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Open-level musical analysis course
Engelstalig
Wed 12 Mar ’25 19:30 uur - Wed 2 Apr ’25 19:30 uur

 

Asja Zakhareva - music theorist

Wed 12 Mar ’25
-
Wed 2 Apr ’25
From 19:30 uur
  • Wed 12 Mar ’25
    -
    Wed 2 Apr ’25
    From 19:30 uur
    M by Muziekgebouw Eindhoven

Sonata in D major, Symphony № 5, String quartet №15678 - many music pieces performed these days almost have the same name. Titles so abstract and shallow that they give us no hint of what to expect, but beware: bad titles often hide an immersive musical series! Bright heroes with eventful lives, sharp plottwists, breathtaking climaxes and fascinating finals… This four-day open-level course (given in English) explores how to follow the music presented in three popular music forms: symphonies, sonatas and quartets.

 

WED 12 MAR 2025
Preparing the ground
What ingredients make music pleasant to listen to? With different musical fragments, we will explore the answer to this question. In the second half, it's time to directly go to our main heroes: the symphony, the sonata and the quartet! What makes them so popular?

WED 19 MAR 2025
Symphonies, sonatas and quartets
Though seemingly different genres, these three have more in common than you might expect. We will delve into the underlying dramaturgical path that symphonies, sonatas, and quartets often share. Keeping this ‘story path’ in mind, we will follow the music as a thrillingly unfolding musical novel.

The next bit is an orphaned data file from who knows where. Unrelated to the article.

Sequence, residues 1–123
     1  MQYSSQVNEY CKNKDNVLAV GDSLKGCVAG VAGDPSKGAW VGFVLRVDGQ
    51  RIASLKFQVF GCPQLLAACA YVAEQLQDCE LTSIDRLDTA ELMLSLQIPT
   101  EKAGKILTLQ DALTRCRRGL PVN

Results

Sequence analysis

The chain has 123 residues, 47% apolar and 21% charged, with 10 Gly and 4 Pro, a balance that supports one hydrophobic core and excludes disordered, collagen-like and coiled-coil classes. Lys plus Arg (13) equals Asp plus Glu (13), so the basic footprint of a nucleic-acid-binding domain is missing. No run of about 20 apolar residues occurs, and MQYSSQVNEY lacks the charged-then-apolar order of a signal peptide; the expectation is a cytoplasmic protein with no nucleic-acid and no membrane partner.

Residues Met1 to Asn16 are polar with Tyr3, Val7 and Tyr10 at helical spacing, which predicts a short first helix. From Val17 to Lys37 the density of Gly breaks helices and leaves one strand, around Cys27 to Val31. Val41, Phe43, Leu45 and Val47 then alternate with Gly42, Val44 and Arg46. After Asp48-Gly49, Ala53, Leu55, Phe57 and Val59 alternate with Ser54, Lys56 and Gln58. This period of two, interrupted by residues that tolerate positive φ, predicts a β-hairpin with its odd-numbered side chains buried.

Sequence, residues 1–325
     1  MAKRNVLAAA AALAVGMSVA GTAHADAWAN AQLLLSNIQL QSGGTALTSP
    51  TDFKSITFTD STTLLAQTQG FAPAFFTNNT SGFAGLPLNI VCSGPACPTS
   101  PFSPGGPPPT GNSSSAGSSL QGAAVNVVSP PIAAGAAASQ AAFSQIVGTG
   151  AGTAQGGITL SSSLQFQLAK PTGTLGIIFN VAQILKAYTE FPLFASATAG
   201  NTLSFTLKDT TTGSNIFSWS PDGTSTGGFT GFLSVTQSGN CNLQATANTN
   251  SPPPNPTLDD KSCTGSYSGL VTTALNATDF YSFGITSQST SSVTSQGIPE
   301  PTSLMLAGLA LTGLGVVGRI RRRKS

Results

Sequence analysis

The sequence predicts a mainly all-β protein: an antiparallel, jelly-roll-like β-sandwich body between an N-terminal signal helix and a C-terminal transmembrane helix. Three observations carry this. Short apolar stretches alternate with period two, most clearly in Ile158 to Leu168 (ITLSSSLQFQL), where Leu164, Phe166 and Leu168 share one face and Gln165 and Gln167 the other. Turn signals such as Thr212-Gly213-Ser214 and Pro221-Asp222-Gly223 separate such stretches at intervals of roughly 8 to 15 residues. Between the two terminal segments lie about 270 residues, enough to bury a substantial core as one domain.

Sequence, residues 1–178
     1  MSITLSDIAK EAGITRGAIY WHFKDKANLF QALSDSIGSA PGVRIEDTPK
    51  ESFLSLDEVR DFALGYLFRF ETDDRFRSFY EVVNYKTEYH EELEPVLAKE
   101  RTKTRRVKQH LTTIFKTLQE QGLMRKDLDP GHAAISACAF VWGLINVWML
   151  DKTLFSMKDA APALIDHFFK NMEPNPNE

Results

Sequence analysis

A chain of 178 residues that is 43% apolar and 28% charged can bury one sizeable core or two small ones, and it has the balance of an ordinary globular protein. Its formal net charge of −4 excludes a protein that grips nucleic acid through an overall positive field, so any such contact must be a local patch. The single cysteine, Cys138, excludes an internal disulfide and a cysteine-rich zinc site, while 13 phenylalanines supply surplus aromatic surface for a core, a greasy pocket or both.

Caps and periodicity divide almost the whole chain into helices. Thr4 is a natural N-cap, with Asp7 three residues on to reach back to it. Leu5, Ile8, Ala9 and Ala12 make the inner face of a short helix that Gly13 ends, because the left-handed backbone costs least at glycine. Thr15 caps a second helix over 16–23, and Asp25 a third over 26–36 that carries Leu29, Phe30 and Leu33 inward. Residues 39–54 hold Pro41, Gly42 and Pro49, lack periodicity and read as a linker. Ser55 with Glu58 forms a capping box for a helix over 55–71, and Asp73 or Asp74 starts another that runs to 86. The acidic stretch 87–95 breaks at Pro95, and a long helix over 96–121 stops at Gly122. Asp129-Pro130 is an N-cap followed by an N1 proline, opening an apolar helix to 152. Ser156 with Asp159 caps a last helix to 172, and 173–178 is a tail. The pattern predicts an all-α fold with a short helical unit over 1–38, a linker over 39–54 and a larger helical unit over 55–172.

WED 26 MAR 2025
Following the plot: movement by movement
Now its time to apply the knowledge; step by step – movement by movement. This session will be a marathon of pieces from different time periods and composers, challenging and training you to quickly find the most fulfilling listening approach to every movement.

WED 2 APR 2025
Following the plot: big forms and big ideas
This evening, we will regard the big form of all movements together. After all, in essence a symphony, sonata or a quartet is not just one novel or a musical film ­– it is a series. What potential does it give for genres and what great ideas, overarching surprises and reminiscences do composers hide among and between four different movements?